Communitas’ Peer Support Workers (PSWs) have been supporting people living with mental health challenges for years. Some PSWs support people right in their home communities, while others support the people they serve on psychiatric units in hospital. No matter where they serve, all PSWs know that person-centred care is important to one’s mental health recovery.
Aaron Smith (pictured above in the ball cap) has been a PSW with Communitas for 6 years. As he journeys with people on the road to mental wellness, he seeks to inspire recovery and instill hope.
“My hope is that the people we talk to can realize, there is life beyond a diagnosis,” Aaron says.
Research suggests that for those who are in hospital, getting back to their home setting as soon as safely possible is key to that recovery. That is why Communitas Peer Support Services has been working with Fraser Health’s new initiative: the Virtual Psychiatric Unit (VPU.)
Patrick Raymond coordinates Peer Support Services for Communitas. He says PSWs have been involved with this project from the very beginning and he’s excited to see how they have been able to contribute.
“This is huge, involving nurses, psychiatrists, doctors, and PSWs. There’s a whole team training together to make this possible,” he says.
The VPU is an alternate way to receive acute care for a person who required admission to hospital but who can safely receive care through virtual means while at home with the full support of a team around them. This support provides people with a smoother transition as they return home and still have 24-hour wrap around care. Technology also plays a role. People go home with remote monitoring devices that take vital sign readings and iPads that make virtual video visits possible.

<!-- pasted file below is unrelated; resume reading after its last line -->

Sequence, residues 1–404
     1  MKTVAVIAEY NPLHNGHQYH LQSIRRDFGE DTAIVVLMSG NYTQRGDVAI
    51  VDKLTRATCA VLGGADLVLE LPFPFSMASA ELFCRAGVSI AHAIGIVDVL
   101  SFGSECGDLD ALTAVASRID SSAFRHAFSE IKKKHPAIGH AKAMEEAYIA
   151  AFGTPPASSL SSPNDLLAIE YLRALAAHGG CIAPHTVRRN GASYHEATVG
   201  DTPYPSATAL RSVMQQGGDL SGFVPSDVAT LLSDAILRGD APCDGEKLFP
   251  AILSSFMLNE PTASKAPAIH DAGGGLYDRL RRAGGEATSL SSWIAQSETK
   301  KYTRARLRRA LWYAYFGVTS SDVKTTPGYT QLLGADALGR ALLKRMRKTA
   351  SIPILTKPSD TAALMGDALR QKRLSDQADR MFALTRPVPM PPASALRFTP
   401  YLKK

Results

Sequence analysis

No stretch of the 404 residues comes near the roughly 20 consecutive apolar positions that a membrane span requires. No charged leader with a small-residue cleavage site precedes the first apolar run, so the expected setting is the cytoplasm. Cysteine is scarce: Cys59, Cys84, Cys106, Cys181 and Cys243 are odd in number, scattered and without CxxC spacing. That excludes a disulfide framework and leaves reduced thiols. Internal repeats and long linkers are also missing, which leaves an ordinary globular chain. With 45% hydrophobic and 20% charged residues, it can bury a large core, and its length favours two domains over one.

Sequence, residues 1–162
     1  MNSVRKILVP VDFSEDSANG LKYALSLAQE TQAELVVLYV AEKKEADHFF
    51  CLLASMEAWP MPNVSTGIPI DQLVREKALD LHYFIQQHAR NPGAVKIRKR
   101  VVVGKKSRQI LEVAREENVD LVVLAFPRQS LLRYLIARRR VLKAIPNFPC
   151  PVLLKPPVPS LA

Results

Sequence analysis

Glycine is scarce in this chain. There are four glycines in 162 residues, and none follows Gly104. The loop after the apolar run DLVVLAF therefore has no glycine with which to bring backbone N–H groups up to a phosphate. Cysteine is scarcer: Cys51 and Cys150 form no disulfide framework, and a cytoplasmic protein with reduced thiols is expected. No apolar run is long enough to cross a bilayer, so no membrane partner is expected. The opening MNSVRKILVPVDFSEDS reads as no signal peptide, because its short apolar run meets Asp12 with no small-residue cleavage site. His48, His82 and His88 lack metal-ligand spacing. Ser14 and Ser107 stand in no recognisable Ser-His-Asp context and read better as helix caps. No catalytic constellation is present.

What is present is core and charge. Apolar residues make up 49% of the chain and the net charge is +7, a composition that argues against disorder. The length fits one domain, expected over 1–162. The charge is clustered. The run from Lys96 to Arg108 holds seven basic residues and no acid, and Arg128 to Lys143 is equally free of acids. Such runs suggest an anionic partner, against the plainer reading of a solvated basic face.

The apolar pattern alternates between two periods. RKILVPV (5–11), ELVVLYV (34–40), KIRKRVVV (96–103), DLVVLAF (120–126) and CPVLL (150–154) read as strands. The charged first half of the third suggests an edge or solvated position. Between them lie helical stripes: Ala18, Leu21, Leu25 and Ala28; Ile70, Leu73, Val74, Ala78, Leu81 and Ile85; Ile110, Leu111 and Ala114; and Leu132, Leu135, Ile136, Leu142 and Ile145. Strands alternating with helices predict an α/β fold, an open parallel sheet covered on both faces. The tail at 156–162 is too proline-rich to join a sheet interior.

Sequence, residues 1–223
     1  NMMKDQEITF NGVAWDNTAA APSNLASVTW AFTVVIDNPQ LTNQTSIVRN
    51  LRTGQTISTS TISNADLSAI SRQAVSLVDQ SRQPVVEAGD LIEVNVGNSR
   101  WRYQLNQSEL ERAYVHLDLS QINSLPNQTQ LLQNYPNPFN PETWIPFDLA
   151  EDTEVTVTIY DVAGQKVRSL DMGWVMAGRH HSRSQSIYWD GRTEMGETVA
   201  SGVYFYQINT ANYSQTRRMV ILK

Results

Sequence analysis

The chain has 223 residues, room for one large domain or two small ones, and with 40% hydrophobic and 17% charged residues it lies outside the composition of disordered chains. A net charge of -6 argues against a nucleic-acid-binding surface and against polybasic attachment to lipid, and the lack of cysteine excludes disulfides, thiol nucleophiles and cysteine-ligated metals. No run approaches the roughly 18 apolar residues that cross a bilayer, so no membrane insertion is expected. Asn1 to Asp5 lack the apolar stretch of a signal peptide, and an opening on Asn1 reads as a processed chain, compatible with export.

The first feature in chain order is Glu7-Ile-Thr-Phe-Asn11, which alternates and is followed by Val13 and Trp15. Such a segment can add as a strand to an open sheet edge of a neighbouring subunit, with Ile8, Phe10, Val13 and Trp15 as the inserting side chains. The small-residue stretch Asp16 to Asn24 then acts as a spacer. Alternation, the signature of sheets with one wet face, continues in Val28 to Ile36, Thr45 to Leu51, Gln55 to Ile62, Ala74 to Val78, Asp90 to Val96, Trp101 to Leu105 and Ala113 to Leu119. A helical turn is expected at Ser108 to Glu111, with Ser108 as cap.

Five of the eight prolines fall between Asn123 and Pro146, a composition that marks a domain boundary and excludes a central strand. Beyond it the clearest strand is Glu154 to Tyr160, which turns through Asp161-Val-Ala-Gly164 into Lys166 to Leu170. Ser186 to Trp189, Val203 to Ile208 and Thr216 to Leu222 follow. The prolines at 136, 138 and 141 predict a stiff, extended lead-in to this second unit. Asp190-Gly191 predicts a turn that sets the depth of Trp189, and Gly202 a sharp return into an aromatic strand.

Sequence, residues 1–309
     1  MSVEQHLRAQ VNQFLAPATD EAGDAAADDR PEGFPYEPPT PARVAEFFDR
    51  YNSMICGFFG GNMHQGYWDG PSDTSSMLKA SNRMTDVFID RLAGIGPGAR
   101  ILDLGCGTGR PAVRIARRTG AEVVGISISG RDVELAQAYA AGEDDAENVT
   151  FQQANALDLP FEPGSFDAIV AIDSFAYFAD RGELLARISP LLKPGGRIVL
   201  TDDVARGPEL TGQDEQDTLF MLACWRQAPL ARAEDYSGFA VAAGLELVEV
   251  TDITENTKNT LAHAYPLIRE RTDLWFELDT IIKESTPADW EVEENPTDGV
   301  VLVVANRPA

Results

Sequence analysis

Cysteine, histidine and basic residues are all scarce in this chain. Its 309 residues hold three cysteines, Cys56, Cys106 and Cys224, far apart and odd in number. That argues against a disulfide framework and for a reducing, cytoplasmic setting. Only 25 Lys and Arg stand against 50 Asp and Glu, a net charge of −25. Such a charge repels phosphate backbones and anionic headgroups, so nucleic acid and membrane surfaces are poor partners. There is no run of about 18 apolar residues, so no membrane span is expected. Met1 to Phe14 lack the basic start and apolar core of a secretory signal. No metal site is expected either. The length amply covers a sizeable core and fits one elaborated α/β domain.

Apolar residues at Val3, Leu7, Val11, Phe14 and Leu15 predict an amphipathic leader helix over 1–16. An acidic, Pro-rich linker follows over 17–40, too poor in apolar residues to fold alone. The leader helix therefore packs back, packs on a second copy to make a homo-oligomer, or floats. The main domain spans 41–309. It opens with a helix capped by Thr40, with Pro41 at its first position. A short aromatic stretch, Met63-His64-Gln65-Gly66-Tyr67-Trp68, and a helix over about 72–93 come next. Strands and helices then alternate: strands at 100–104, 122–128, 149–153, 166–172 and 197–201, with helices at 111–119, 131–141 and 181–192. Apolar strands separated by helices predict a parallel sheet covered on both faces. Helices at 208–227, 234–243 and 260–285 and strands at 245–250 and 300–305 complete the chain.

Radhika Khosla is a clinical nurse educator with Fraser Health and has been at the forefront of the creation of VPU. She believes that virtual care is the way of the future.
“Covid-19 taught us that much of what we do in healthcare, can still be done through virtual means,” she explains. “Providing people with services while they are in the comfort of their own home is the best example of patient-centered care.”
This philosophy is already at the heart of Peer Support and Patrick says the unique gift that PSWs bring with them is that they already embody a culture of recovery.
“Peer Support starts with a personal approach. We take our time, going at the pace of the person we’re serving,” he says. “This gentle approach helps people feel safe and supported, especially as they’re coming back home and learning the technology that they’ll need to be supported through VPU.”
Radhika agrees. She says that one of the learnings gleaned from the pandemic is how social isolation can impact a person’s mental health.
PSWs provide patients with hope. It allows them to find connection and learn from people with lived experiences how to better manage challenges along the way. – Radhika, Fraser Health
It is this lived experience that Aaron feels is key to the success of VPU and why he feels PSWs are vital to its success.
“We’ve been that patient,” he says. “Transitioning from hospital to home can be a real adjustment, especially after a long stay. The fact that these services are available 7 days a week is an amazing resource.”
The first patients to be part of VPU have been enthusiastic in their response.
“My overall experience with the Virtual Psychiatric Unit has been good,” one person said. “Everyone has been very supportive and helpful. To be honest, it has been fantastic!”
Patrick believes that virtual support will only grow as hospitals and systems continue to be stretched. As VPU grows, the program will be able to admit people directly from the community without the requirement of admission to a brick and mortar hospital. Allowing people to return home once they are stable with access to the support they need simply makes sense.
“It’s so much better to be back in one’s home surroundings with their familiar support system,” he says. “This is a creative response that will help people get healthy and stay healthy.”
Photo at top: The Peer Support team in training for the VPU: Allison Kenning, Patrick Raymond, Harman Dhillon, Helen San Andres, Aaron Smith, and Richard Tang.
When Adria reflects on her journey towards mental wellness, she recognizes that the journey began with a reconnection to her indigenous roots.
John and his daughter, Himali both work for Communitas. Though their work is in different settings, they’ve had the same meaningful career experience.